California vs. Cannick: The Pretrial

Audio clip: Adobe Flash Player (version 9 or above) is required to play this audio clip. Download the latest version here. You also need to have JavaScript enabled in your browser.

The People of the State of California
vs. Jasmyne Cannick
Round Two: The Pretrial

 

Just a quick update on my case and since anything I say can and will be used against me, I’m not going to elaborate much.  Besides, honestly there isn’t that much to tell.

Today I appeared in court for my pretrial hearing on charges that I resisted an officer.  I am charged with three counts of resisting an officer P69, P148a1 and V2800 (a) stemming from the protest that occurred in downtown Los Angeles on November 26, 2014.

The hearing was continued until the end of the month so that some business could be handled.  See, I told you, not much to tell.

I did participate in a press conference with attorney Nana Gyamfi prior to my hearing calling attention to the fact that the City Attorney’s office is engaged in selective and retaliatory prosecution of Black Lives Matter Activists and others and trying to criminalize Black civic engagement.

This has a lot to do with the fact that with somewhere near 500 protest related arrests since last year’s Trayvon Martin protests up to today, less than 10 percent of those arrested have actually been charged. Almost all of the people selected or targeted for criminal charges are connected to or are believed to be connected to Black Lives Matter.

Although I know it is assumed by the police and the media that because one is Black they are automatically inducted into Black Lives Matter at birth, lol, that’s not the case with me.  I’ve never been a member of the group.  My charges, I believe have to do solely with Chief Beck, his daughter and that horse–of course.

Last week I wrote about how the City Attorney’s office was denied a protective order on behalf of Chief Beck and Mayor Eric Garcetti against two activists .  Well, they tried to get one again today in court.  After my hearing was continued I went and sat in on Evan Bunch’s arraignment in Dept. 40.  The City Attorney in his case, one Jennifer Wexler, went before the same judge that denied her office last week and asked for a second time.  I guess she was thinking that if at first you don’t succeed try and try again.  Well, the judge said no–again.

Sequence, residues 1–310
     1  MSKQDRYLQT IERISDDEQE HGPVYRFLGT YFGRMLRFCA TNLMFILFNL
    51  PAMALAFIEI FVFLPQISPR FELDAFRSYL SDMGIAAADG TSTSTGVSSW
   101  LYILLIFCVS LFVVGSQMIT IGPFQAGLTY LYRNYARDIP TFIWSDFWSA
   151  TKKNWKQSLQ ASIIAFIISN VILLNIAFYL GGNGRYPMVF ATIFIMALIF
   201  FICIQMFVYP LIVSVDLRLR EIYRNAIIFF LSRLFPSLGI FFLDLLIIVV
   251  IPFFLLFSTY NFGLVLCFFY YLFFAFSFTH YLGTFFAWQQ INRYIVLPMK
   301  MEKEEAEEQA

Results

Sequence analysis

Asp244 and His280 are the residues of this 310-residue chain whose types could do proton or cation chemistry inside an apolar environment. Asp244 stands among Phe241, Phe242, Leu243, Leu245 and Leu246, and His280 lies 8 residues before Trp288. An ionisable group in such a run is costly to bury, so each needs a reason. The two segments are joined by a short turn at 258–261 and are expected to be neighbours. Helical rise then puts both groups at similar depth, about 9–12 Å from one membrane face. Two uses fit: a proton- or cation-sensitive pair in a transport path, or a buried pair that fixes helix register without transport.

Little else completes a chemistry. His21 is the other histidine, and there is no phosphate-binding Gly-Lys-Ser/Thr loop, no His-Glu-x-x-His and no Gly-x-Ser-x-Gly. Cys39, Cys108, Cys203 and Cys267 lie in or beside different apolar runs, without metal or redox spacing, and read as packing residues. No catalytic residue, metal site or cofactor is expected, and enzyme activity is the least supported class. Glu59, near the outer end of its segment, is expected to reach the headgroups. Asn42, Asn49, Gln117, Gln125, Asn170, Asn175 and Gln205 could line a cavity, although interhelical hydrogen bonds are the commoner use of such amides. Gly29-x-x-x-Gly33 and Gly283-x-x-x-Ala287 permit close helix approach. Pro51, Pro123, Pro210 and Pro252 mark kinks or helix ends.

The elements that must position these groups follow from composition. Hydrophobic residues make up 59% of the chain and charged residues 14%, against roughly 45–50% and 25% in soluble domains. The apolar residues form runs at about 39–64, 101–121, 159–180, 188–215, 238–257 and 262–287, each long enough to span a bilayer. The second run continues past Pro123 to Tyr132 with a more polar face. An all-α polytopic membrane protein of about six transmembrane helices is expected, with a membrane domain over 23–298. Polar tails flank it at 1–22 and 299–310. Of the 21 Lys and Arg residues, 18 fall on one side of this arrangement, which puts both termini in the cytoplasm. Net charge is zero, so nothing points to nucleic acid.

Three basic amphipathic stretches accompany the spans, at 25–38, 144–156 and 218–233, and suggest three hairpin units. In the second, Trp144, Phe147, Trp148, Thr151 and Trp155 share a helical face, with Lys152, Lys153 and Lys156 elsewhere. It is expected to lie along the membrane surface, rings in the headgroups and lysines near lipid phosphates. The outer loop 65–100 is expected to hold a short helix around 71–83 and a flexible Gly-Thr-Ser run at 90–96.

Still I must say, this is both an interesting strategy and a sad commentary on behalf of the Mayor, Police Chief, and the City Attorney–two of which I supported being elected into their current office.

Anyway, I’m not back in court until the 29th so I’ll keep you posted.

In closing, a special shout out to my Front Page family that came out in support today.  And remember, if you stay ready you don’t have to get ready.

Ciao!


My actual arrest


KNBC news report on my arrest


Video from the protests on Nov. 26

 

The Court of Public Opinion

  • robert peel

    if a citizen used a motorcycle like that god only knows what the police responce would be.lapd has no clue how to handle crowds.

  • cutty sark

    Who are we to ask why Chief Beck, King Garcetti and Lord Feuer are doing what they do?

    Isn’t it enough to know they will ignore you when it is convenient for them, oppose you when it suits them, use the courts to drain you and immobilize you when they believe you might get in their way – and they will eliminate you if they fear you could expose them or stop them from carrying out their plans.

  • cutty sark

    At the time Ezell Ford was shot and killed in mid-August 2014, an appeals court had accepted briefs, heard arguments and were pending release of their ruling in a case which was unrelated to Ezell Ford.
    The court ruling issued in September, 2014. Legal observers noted its significance in upholding a principle of potential personal liability for govt. agents(police, prosecutors) who allow evidence which they know is incorrect to be used to win conviction against a defendant at criminal trial.

  • Jury trial all the way….do NOT pull a Daniele Watts on me…

  • The cops can certainly be held liable for withholding “Brady” evidence, but not the prosecutors, unless they were somehow involved with the actual investigation. Prosecutorial immunity applies even for willful violations of constitutionally protected rights, as long as it was as a PROSECTOR, but once they help with an investigation they are no longer prosecutors.

  • Pingback: California vs. Cannick aka ????????: More Pretrial Madness | Jasmyne Cannick()

  • Pingback: California vs. Cannick: It's the Final Countdown | Jasmyne Cannick()